The No. 36 is a special tradition at Ohio State, as only very talented linebackers are given that number.
Among that crop of talented linebackers was Tom Cousineau.
A two-time All-American, Cousineau set a school-record in tackles in 1978 with a mind-blowing 211.
Cousineau set another record in the 1977 Orange Bowl with 29 tackles in the game, earning MVP honors.
He is currently second in career tackles behind Marcus Marek with 569 stops.
Cris Carter is as good a receiver as has ever come out of Ohio State, setting the standard for receivers to come in the modern era of Buckeye football.
He was the prototypical possession receiver, showing incredible body control to make tough catches as well as being a crisp route runner.
In his time in Columbus, Carter had 168 receptions and became the first Buckeye receiver to earn All-American honors in his junior season.
While Carter waits on being named into the Pro Football Hall of Fame, he will always be considered among the best receivers, if not the best receiver, in school history.
Jim Otis was the type of running back that Woody Hayes enjoyed having with this "three yards and a cloud of dust" type of offense.
The bruising fullback was an All-American in 1969 and led his team in rushing in each of his three seasons.
In the 1968 championship season, Otis scored 16 touchdowns with four coming in the infamous 50-14 blowout win at home over Michigan.
Otis just punished defenses every time he touched the ball with brute force, and he finished his career second in yards per game behind Archie Griffin with 94.1 rushing yards per game.
In his day, Otis was one of the toughest players to put on pads and tote the rock.
Marcus Marek grabbed the famous No. 36 from Tom Cousineau after his graduation and turned in a great legacy all his own.
In four seasons as a starter, Marek was named All-Big Ten all four seasons and led his team in tackles in the final three years of his career.
His ability to makes all kinds of tackles earned him the school record for career tackles with 572, just three ahead of his predecessor Cousineau.
Marek was the kind of player new OSU coach Earle Bruce could rely heavily on as he tried to rebuild the program after Woody Hayes' disgraceful exit.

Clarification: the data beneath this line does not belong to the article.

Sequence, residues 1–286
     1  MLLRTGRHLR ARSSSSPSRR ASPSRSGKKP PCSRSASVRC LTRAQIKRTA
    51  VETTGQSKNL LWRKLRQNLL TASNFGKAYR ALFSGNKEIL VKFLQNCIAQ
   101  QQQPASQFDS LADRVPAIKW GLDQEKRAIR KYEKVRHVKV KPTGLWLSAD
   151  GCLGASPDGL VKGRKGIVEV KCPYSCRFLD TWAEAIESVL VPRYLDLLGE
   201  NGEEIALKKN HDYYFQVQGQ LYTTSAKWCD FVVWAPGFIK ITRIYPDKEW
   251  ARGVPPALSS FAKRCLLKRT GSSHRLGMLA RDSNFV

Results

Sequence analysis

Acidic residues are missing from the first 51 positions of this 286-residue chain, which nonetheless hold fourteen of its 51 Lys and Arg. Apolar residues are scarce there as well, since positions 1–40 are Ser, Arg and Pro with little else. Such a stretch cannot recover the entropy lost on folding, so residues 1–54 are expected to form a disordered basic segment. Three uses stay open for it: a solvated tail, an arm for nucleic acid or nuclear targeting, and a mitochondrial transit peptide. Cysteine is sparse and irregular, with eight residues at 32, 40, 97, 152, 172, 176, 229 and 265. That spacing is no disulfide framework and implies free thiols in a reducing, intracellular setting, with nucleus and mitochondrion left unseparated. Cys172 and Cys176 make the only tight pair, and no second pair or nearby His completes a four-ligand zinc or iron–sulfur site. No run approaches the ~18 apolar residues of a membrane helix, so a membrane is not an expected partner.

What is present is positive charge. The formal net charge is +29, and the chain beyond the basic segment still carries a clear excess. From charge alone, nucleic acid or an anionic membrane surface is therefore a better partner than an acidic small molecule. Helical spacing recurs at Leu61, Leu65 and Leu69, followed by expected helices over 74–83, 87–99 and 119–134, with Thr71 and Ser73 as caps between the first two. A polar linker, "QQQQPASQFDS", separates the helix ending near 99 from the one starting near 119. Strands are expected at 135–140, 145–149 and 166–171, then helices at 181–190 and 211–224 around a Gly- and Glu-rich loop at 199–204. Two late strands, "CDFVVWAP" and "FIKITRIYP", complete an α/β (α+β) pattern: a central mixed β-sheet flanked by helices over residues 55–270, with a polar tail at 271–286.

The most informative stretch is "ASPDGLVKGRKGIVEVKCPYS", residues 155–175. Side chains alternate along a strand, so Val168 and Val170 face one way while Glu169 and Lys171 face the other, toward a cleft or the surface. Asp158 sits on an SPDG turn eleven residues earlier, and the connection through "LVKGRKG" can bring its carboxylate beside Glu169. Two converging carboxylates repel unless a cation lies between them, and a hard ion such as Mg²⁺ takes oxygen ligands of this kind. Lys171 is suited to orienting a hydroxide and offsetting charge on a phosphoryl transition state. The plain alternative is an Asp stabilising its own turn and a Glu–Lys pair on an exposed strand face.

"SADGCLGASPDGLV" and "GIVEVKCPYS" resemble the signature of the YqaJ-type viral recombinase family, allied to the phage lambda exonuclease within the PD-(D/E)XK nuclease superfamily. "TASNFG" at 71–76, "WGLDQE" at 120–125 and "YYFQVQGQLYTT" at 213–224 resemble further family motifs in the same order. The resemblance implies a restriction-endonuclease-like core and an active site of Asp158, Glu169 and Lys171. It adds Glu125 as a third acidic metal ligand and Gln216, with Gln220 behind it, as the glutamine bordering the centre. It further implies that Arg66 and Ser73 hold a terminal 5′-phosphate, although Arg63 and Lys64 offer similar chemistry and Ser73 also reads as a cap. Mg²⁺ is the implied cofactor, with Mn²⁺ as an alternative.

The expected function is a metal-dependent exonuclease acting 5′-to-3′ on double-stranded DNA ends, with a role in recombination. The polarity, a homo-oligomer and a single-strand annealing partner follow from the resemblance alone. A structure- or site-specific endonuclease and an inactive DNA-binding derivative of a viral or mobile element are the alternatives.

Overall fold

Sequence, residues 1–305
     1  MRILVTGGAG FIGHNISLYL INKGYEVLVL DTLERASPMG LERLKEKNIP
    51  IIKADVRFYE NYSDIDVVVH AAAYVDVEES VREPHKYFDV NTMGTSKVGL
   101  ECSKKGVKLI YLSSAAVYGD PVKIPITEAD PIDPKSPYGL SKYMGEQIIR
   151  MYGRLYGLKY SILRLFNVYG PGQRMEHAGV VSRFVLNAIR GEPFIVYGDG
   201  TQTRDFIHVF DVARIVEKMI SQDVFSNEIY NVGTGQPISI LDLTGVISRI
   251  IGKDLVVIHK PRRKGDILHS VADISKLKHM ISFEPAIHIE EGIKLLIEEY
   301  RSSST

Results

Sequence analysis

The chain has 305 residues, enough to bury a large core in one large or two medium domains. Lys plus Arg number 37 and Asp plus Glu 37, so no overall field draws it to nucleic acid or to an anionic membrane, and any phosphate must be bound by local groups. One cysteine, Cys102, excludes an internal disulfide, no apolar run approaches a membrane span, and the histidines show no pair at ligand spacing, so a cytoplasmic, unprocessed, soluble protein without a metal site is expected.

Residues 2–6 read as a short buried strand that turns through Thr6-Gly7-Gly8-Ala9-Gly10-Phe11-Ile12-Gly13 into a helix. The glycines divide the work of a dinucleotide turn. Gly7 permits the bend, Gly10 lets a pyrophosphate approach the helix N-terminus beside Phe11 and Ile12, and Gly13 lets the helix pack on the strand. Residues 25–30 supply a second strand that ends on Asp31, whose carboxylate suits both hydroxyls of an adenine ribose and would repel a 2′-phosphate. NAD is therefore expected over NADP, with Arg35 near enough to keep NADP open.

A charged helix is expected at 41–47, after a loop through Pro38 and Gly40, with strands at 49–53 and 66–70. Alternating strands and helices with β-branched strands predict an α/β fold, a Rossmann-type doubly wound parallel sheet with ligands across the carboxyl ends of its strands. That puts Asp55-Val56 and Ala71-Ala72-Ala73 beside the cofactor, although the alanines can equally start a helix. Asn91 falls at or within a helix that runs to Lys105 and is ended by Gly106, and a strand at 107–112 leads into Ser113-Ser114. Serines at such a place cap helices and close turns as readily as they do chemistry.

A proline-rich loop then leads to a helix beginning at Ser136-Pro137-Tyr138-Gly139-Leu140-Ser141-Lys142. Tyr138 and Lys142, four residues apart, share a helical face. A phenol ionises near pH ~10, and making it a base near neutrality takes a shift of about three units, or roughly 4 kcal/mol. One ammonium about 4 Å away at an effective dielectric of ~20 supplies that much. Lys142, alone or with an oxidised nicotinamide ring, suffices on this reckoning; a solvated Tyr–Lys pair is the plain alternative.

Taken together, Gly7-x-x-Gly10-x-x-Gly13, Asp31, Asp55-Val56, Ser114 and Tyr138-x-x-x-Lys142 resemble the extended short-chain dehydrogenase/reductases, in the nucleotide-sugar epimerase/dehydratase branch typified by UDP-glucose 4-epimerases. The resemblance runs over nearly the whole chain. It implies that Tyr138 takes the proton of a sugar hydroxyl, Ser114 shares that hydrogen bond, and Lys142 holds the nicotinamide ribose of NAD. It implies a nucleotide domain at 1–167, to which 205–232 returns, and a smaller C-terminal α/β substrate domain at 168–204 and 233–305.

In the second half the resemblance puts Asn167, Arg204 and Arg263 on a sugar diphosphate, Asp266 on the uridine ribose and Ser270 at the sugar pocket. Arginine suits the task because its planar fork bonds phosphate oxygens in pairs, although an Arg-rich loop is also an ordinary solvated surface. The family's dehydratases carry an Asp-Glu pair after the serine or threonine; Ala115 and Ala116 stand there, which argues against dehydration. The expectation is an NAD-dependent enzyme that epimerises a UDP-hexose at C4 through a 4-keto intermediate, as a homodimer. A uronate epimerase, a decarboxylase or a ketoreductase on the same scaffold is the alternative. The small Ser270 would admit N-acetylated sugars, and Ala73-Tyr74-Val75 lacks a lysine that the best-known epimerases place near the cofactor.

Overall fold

When Woody Hayes calls you "The best player I've ever coached," that is a very strong statement. For Randy Grandishar, that is the legacy he left as a football player.
He was a two-time All-American in his three seasons and recorded 320 tackles, including 132 in his final year of 1973.
That year, Grandishar was one of three Buckeyes to finish in the top 10 in Heisman voting along with John Hicks.
Between Grandishar, Cousineau and Hicks, the Buckeyes had a trio of dominant linebackers who set up a tradition that still continues nearly 40 years after Grandishar's final snap.
Rex Kern may not have been the greatest passer in school history, but he is probably the best leader from the QB position in school history.
The leader of the Super Sophs recruiting class that started to play in 1968, Kern led the Buckeyes to a 27-2 record in three seasons as a starter.
He rushed for over 500 yards each season, was named an All-American in 1969 and was a top-five Heisman candidate twice.
He led the Buckeyes to the 1968 national championship, which was probably the greatest team in school history, and were it not for a stunning upset loss at Michigan in 1969, could have gone back-to-back and become even more dominant than they were.
Kern was simply a winner, and one of the toughest players that Ohio State ever had step onto its sideline.
Jim Stillwagon was to the Ohio State defense what Rex Kern was to the offense in the Super Sophs era of the late 1960s.
He was a two-time All-American and won the Outland Trophy and the Lombardi Award, the first player to ever win that trophy, in 1970.
His impact on the defensive line was impressive, as it helped free up the dynamic playmakers behind him including Tatum and Sensibaugh.
Stillwagon was just simply a dominant player and a leader who helped OSU go 27-2 in the three-year reign of the Super Sophs.
The story of A.J. Hawk is that of the unappreciated kid who received a scholarship offer despite a low high-school rating and still moved up all the way to super-stardom.
Hawk, a one-star recruit, was a two-time Big Ten Defensive MVP in 2004 and 2005 and the Lombardi Award winner in 2005.
He was one of the best defensive leaders Ohio State has had from the LB position and helped send Ohio State to the 2006 Fiesta Bowl in his final season.